HEALTHPLAN MAGAZINE

How To Get Planning Permission In Spain Expat Tips

While purchasing your home in Spain is an exciting prospect, it's important to go into such a venture with your eyes wide open. It would be rare indeed to purchase an old country home and not have to carry out some sort of renovation or restoration. For almost any type of restoration work in Spain, you are going to need planning permission, so it is vitally important that you have a clear understanding of the basic requirements, meaning both the law and procedures that are involved, and also the consequences of what will happen if you neglect to gain the relevant permission before embarking on your renovations.

It's always better to think before you buy of course. If you're still at the pondering stage, take the advice of a local architect before you commit. They'll be able to give you an idea about the prices and the time frames involved. Many would-be buyers have found that planned restoration work means that the cost of the property is beyond their reach.

Don't assume you can get away with anything. It's important to realise that in Spain, there are strict planning regulations and the local administrations are enforcing these regulations much more rigorously than they were a few years ago. If you don't follow procedures, the chances are you will end up with a whopping fine and your property may be impossible to sell on. The worst case scenario will be that you will have to demolish your home.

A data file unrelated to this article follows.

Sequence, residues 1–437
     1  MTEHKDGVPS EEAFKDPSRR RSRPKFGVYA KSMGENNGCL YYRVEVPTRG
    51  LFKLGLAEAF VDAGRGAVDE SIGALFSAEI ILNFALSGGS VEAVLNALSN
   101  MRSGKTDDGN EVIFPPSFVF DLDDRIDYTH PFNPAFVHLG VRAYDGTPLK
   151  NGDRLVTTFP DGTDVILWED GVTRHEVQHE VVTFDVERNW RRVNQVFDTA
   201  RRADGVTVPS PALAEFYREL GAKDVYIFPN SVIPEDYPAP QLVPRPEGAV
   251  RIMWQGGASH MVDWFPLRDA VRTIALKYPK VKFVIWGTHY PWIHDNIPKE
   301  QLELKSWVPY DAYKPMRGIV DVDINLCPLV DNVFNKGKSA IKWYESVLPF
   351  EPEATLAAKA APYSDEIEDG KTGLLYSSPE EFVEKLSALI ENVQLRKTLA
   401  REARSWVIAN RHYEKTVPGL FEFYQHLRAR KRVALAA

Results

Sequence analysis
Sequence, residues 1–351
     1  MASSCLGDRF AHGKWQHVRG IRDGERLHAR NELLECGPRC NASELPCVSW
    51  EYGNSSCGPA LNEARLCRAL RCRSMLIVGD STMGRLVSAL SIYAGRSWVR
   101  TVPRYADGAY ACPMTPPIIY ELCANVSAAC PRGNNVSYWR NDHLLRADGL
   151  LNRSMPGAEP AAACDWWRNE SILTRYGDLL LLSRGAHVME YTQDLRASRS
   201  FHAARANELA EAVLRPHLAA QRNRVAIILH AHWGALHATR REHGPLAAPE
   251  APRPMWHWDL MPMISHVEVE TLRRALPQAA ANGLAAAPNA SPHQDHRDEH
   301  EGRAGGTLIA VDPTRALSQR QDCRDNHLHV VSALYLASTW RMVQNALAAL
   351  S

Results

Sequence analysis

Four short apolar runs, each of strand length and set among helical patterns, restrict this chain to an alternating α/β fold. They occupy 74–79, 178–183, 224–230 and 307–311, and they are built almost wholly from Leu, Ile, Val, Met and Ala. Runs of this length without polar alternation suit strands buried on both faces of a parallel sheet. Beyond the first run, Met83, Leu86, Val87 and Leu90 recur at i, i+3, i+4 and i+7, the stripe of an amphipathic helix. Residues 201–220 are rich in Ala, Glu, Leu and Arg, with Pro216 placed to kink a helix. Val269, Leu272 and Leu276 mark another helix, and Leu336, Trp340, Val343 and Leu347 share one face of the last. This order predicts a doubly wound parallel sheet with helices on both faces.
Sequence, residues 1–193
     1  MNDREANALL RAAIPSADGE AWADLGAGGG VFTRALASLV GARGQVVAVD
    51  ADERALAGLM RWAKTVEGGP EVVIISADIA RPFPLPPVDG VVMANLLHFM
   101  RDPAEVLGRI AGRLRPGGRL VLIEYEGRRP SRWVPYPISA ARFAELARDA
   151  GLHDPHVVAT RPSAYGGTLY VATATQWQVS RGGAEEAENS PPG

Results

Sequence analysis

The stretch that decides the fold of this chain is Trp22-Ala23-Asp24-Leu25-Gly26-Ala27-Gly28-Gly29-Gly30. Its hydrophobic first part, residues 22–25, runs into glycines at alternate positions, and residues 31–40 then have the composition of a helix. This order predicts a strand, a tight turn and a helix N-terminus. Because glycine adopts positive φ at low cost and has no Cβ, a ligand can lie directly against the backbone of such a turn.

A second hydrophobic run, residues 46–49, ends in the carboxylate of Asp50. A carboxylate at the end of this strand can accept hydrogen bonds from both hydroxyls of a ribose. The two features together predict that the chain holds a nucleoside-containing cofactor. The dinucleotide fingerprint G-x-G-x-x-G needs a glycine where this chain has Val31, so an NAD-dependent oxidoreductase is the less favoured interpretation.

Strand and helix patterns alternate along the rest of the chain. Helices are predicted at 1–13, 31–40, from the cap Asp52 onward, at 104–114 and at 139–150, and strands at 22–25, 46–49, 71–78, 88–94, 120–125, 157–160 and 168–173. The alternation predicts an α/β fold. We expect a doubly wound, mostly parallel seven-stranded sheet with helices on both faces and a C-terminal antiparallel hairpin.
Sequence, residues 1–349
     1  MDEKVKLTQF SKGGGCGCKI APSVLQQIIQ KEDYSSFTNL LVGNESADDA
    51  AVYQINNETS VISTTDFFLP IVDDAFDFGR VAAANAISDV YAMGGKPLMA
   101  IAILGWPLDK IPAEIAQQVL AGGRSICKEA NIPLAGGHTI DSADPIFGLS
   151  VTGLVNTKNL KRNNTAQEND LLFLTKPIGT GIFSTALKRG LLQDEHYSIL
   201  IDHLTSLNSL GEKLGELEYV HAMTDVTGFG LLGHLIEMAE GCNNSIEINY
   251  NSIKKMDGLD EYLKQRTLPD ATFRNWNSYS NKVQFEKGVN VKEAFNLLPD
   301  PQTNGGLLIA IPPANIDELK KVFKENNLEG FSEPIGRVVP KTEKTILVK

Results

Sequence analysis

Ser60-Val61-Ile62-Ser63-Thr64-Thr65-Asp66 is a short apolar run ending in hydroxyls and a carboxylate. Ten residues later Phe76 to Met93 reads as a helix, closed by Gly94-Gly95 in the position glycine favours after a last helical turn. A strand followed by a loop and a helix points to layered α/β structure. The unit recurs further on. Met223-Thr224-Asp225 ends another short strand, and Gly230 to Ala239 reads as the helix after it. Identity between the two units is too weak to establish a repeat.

What Are the Licenses You Will Need?

For external modernisation or repair of the building, such as new windows or doorways or external walls, you will need a works license (Licencia de Obra), which is a building license, as well as planning permission from the local town hall (Ayuntamiento).

The building licenses in Spain include:-

  • Licencia de Obra Mayor (Major works licence) which is needed for anything that will change the structure of a house including erecting or demolishing load-bearing walls, building an extension, conservatory or swimming pool
  • Licencia de Obra Menor (Minor works licence) which might be required for conservation or maintenance work, such as the substitution of damaged elements by other identical ones, cleaning and interior painting of walls, or patios or balconies that are not visible from the exterior, as well as plumbing, electricity, stucco, awnings, and interior carpentry.

The Licencia de Obra Mayor has a number of sub types. These include

  • Licencia de obra mayor por nueva edificación (for major works license of new construction)
  • Of "nueva planta" (a completely brand new building)
  • Of "ampliación" (an extension to an existing building)
  • A "Licencia de obra mayor por rehabilitación de edificios" (major works license for building restoration) refers to historical buildings in city centres.

The Paperwork

Once you know which license to apply for, you should take your paperwork along to the town hall. Your architect and your solicitor will help you. It is well worth hiring a decent translator to take with you when you attend the town hall.

You will need:

  • Official application form
  • Payment form for administration fees.
  • An architect's 'Project' form which has been signed by a competent technician and duly endorsed by the corresponding college.
  • The original Certificate issued by the college that accredits the intervention of a Technical Architect or Foreman in the work.
  • A form from the Ministry of public works and the Economy on statistics of Constructions and Houses (to be filled in by the architect of the Project) – both the original form and a photocopy.
  • Your most recent title deed for the property (a simple copy will suffice).